Opinion

Congress’ failure to pass new farm bill is good news for Americans

Photo of Dana J. Gattuso
Dana J. Gattuso
Senior Fellow, National Center for Public Policy Research
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      Dana J. Gattuso

      Dana J. Gattuso is a senior fellow at the National Center for Public Policy Research, a conservative, free-market think-tank established in 1982.

The September 30th deadline has come and gone, and Congress has returned home without passing a new farm bill. And while farm special interests bemoan that Congress fiddled while Rome burned, the outcome is actually good for American taxpayers, who would have funded a bloated, subsidy-stuffed trillion-dollar farm bill. Even the Washington Post noted in a recent editorial that “[n]o farm bill at all might be better than a bad bill.”

But it’s too soon to start celebrating. Congress returns in November and will face pressure from the powerful farm lobby to pass the bill. At issue are not only costly crop insurance and food stamp programs but also massive conservation programs, including “conservation easements.” These are largely anti-farm-production programs that restrict land use on private farmland to support wetlands, grasslands, and non-threatened species while doing precious little to grow the nation’s crop supply and stabilize rising food prices.

The Wetlands Reserve Program, which transfers land rights from private to government control, is the largest of these USDA-run conservation easement projects. Specifically, it retires farmland in order to “restore, protect, and enhance” wetlands and wildlife. An estimated 2 million acres of cropland are encumbered under the program.

It raises the question: With our nation’s farms suffering from one of the harshest droughts in half a century and crop damage threatening to push up food prices to record levels, why is Congress proposing to spend hundreds of millions of additional tax dollars to convert farms to wetlands when the land could be used to grow crops?

The program’s approach of taking land out of production stems from early federal land retirement programs intended at the time, ironically, to control falling crop prices. Back in the 1930s, lawmakers removed land from farming as a means of reducing production supply and supporting food prices. Conservation purposes were secondary. But today the pendulum has swung so far toward protecting everything from wetlands, to dry lands, to even non-endangered species that the impact these policies have on falling food production and rising prices is not even considered.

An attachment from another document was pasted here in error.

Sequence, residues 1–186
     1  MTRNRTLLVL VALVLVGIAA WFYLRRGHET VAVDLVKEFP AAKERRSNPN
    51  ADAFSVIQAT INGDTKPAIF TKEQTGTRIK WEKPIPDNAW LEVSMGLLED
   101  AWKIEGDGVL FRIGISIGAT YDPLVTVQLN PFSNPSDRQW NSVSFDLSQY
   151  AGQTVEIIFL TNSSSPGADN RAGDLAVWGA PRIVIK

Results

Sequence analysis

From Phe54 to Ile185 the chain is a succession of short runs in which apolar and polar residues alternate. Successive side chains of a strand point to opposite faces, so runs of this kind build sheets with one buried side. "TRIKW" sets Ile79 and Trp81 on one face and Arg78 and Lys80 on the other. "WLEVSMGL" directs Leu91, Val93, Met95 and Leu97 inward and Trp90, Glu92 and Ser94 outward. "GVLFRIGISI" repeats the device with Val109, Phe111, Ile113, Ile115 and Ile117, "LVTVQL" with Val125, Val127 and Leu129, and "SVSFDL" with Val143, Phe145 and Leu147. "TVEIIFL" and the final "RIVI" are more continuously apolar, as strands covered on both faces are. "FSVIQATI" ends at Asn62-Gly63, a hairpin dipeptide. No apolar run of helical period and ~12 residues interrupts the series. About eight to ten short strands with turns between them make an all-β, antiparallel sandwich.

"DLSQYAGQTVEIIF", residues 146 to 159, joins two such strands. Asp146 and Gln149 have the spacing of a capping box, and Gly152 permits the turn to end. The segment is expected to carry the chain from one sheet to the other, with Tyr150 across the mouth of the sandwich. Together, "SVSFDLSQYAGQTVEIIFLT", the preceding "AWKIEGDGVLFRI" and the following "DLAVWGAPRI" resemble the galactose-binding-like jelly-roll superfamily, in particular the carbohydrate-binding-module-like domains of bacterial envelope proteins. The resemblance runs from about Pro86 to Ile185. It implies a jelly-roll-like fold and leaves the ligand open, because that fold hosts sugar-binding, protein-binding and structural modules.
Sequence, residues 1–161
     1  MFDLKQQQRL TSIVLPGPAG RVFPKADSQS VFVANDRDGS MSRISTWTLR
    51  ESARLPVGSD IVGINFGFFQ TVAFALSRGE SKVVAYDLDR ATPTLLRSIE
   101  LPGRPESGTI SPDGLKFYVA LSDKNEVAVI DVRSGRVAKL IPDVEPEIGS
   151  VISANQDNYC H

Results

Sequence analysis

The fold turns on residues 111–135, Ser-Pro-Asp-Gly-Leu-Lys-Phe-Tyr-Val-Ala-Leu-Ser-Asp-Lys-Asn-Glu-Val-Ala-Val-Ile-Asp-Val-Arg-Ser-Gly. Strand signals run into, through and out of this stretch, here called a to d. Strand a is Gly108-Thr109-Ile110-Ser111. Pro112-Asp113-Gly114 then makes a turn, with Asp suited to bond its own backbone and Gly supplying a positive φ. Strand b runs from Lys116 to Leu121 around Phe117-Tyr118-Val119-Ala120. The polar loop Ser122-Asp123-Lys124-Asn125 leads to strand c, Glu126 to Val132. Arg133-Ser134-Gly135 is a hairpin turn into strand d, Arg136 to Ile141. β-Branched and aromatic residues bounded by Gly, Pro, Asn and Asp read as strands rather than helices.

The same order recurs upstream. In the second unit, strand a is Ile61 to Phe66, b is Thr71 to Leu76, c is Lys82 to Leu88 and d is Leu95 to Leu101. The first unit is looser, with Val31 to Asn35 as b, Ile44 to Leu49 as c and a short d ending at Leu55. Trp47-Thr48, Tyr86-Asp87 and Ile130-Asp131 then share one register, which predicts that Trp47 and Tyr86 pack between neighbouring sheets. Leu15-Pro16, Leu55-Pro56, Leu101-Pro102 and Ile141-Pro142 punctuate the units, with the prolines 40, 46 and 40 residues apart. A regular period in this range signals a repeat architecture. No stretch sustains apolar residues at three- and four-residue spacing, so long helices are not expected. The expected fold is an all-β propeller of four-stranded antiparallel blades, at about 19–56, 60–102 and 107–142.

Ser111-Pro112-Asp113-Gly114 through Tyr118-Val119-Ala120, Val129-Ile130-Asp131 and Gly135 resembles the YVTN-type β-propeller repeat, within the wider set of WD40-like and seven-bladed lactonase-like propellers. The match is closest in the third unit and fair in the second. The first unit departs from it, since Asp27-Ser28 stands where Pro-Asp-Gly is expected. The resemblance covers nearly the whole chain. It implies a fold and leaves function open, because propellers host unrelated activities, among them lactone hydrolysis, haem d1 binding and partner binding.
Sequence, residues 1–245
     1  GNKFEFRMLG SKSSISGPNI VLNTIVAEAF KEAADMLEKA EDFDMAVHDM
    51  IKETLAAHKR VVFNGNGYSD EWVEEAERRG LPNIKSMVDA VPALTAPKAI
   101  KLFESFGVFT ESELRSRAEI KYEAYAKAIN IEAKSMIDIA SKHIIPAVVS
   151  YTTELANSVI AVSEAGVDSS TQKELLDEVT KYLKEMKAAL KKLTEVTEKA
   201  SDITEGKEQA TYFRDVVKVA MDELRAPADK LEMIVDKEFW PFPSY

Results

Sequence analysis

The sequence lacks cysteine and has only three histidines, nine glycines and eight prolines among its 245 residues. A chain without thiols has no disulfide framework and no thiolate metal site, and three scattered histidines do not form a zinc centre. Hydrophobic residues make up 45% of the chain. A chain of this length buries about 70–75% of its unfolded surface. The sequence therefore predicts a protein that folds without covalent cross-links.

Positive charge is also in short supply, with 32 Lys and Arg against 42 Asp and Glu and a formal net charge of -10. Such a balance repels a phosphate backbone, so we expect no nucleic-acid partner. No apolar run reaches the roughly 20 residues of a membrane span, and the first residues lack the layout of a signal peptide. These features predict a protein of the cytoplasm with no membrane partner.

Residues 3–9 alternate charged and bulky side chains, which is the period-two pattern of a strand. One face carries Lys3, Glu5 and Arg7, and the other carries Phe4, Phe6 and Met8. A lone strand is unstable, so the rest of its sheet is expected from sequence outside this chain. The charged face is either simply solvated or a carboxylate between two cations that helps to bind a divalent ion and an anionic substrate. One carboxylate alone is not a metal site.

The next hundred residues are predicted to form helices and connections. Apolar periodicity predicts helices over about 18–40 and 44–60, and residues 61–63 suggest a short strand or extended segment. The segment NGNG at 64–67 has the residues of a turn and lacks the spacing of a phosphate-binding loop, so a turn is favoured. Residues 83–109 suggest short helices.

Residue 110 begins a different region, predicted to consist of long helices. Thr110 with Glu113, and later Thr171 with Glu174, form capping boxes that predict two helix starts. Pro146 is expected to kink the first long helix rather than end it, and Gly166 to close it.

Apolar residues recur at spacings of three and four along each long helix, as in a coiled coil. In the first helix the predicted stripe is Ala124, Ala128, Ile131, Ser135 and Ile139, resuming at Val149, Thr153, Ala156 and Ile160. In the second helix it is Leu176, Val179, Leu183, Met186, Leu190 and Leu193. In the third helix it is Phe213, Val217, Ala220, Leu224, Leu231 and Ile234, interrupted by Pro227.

Worse, most of the land under easement is encumbered permanently. That means there is little wiggle room to adjust for severe conditions such as this summer’s drought.

The Wetlands Reserve Program was considered controversial in its early years due to concerns that it would infringe on private property rights. Congress slashed the program in the early 1990s and refused to authorize any funding.

Not so today. The 2008 farm bill, which expired September 30th, authorized 3 million acres for enrollment, up from 2 million in the previous farm bill. President Obama’s 2012 budget requests $785 million, almost double the amount authorized for 2011.

But unless Congress passes the new farm bill, the wetland program’s days may be numbered, since the program does not have budget baseline protection. This means it receives no future funding unless costs are offset by cutting other programs in the farm bill.

That would change under the new farm bill. Thanks to the efforts of an entrenched land trust lobby, the wetlands easement program would be combined with two other USDA-run easement programs — the Grasslands Reserve and the Farm and Ranch Lands Protection programs — to become one enormous operation called the Agricultural Conservation Easement Program. The program would move to baseline budgeting, meaning its funding would be permanently protected.